I’m still celebrating my new blog launch and what better way than with a cool, slightly fizzy, and refreshing tamarind mojito. I love a good mojito. The mint against the ice provides such a nice crisp taste especially with the dog days of summer approaching here in Florida. So Wednesdays are one of my favorite days of the week because it’s whiskey Wednesday in my house! We don’t actually drink whiskey every Wednesday, it’s just our day to concoct a fun drink and chill out with some Chinese take out. When you are married with kids, life can be consumed with their needs so it’s really important to set aside time for your spouse and talk about something other than the kids. That’s what whiskey Wednesdays are for in my home.
My husband enjoys mixing drinks more than I do. I’d rather just have it made for me. We play around with all sorts of flavors, but I think we try to keep it simple by making small changes to classic drinks. He is more of a scotch or gin and tonic type guy and I love martinis, slightly fruity drinks, and rum.
What’s in a classic mojito?
A classic mojito has just a few ingredients. Mint, of course. My Cuban friends tell me spearmint is a great choice. Cane sugar or a simple syrup, club soda, ice, white rum, and lime are the other ingredients. The mint, lime, and sugar are muddled together right in the glass, ice is layered next. The liquids are shaken to combine then poured (and sometimes strained) over the ice. For this Tamarind mojito I did not add any sugar as the tamarind nectar is sweet enough for the drink. The beauty of this version is you can make the drink and decide if you’d like to add sugar after.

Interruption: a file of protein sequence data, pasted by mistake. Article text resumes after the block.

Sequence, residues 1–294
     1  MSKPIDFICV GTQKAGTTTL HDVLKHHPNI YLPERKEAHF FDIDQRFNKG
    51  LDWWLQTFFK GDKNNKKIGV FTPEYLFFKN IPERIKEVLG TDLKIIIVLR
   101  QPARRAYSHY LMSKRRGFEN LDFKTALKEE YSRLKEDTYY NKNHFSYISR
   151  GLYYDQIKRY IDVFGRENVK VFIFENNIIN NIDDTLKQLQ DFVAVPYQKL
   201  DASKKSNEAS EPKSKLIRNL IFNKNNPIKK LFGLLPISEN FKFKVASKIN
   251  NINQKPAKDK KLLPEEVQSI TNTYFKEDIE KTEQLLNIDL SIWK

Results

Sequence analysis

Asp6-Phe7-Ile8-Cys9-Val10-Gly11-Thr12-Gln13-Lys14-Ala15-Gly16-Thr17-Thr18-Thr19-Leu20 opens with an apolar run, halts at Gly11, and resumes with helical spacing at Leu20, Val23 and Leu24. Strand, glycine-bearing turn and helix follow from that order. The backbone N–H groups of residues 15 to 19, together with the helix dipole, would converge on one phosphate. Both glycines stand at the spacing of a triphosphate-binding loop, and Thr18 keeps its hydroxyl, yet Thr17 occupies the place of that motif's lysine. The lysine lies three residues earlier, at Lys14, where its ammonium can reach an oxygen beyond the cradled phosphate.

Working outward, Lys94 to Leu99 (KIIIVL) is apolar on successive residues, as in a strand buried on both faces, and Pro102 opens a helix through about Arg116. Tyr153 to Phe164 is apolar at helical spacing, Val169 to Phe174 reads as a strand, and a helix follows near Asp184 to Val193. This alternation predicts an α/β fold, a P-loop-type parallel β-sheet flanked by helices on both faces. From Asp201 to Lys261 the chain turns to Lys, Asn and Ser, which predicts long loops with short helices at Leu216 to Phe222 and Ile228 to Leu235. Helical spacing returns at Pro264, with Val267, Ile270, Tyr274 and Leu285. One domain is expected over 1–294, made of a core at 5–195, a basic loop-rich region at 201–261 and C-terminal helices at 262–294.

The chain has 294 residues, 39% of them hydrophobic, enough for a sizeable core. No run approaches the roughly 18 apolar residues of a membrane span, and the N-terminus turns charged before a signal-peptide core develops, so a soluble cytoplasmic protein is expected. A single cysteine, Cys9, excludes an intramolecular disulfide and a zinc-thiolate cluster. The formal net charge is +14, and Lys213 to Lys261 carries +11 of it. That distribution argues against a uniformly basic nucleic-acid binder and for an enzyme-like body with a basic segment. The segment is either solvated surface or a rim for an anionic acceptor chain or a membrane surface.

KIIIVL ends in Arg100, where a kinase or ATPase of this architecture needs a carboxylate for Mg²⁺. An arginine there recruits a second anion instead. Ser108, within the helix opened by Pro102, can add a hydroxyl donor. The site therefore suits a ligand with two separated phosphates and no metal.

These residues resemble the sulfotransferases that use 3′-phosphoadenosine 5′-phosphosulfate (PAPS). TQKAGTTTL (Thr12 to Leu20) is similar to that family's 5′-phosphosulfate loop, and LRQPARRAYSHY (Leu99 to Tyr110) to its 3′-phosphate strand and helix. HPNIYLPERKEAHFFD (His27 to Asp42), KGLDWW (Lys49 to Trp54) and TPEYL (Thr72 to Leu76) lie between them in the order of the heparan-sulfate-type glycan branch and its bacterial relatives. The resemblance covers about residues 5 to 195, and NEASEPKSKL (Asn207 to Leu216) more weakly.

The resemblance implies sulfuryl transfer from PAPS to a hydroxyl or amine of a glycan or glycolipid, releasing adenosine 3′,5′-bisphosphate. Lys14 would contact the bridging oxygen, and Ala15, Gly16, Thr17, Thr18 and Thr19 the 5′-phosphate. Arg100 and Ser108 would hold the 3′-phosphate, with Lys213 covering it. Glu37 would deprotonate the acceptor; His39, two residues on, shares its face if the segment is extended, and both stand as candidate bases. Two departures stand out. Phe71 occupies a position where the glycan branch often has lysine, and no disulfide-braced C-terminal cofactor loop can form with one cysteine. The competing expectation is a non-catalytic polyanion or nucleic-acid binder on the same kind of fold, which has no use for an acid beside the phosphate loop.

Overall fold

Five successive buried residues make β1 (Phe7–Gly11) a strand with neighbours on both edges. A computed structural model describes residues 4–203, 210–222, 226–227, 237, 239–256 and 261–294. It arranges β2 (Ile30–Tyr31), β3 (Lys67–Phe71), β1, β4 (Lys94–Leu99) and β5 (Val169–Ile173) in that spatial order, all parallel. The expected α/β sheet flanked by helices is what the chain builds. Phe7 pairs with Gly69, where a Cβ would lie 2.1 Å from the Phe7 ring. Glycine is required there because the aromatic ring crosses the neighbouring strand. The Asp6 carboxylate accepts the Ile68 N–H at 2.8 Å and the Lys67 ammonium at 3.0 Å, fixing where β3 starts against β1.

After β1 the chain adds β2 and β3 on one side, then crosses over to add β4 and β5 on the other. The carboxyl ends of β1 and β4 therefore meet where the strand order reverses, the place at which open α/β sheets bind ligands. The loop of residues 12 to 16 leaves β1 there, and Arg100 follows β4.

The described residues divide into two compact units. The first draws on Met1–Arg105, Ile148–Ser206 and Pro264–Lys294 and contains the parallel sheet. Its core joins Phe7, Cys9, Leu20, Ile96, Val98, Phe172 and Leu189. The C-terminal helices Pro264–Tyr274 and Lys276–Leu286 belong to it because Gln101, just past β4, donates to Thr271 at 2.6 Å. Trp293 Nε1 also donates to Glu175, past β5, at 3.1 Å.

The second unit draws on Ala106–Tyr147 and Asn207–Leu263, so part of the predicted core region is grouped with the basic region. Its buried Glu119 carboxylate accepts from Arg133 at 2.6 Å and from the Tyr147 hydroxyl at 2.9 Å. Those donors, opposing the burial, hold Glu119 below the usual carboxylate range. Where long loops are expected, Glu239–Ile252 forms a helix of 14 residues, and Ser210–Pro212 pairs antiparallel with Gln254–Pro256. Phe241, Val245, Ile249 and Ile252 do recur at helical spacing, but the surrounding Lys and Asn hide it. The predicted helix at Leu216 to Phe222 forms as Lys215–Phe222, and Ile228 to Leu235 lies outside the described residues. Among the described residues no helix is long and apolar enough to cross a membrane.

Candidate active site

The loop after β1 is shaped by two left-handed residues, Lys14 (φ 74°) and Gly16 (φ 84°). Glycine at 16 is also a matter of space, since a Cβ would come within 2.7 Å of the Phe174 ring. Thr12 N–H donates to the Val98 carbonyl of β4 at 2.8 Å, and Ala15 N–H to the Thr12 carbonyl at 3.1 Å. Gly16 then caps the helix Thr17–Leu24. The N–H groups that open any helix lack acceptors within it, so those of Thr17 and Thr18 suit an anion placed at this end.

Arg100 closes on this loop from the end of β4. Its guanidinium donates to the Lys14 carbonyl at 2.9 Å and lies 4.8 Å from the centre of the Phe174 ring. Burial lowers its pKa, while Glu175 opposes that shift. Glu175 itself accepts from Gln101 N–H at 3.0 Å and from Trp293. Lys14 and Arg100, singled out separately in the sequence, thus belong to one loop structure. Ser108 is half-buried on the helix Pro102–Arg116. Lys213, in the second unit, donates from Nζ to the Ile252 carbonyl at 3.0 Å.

We usually make classic mojitos or mango mojitos, but on a recent trip to the grocery store I came across some tamarind nectar next to the mango that I usually pick up. I love the flavor of tamarind. It is a pod-like fruit which contains large seeds and has a sticky paste inside. It has a lovely sweet and tangy taste when the fruit is ripe. It is widely used throughout Caribbean,African and South Asian cuisines. We use it to make chutneys, flavor curries, marinades, sauces, and my most favorite, tamarind balls (candy). Anytime I visit an Asian grocery store I seek out a little clear box with small pieces of tamarind candy in it. The tamarind is mashed with pepper, salt, and sugar then rolled into balls. It’s so good! Give this tamarind mojito a try and if you’d like, you can easily turn this into a mango mojito by swapping the nectar for mango puree or juice.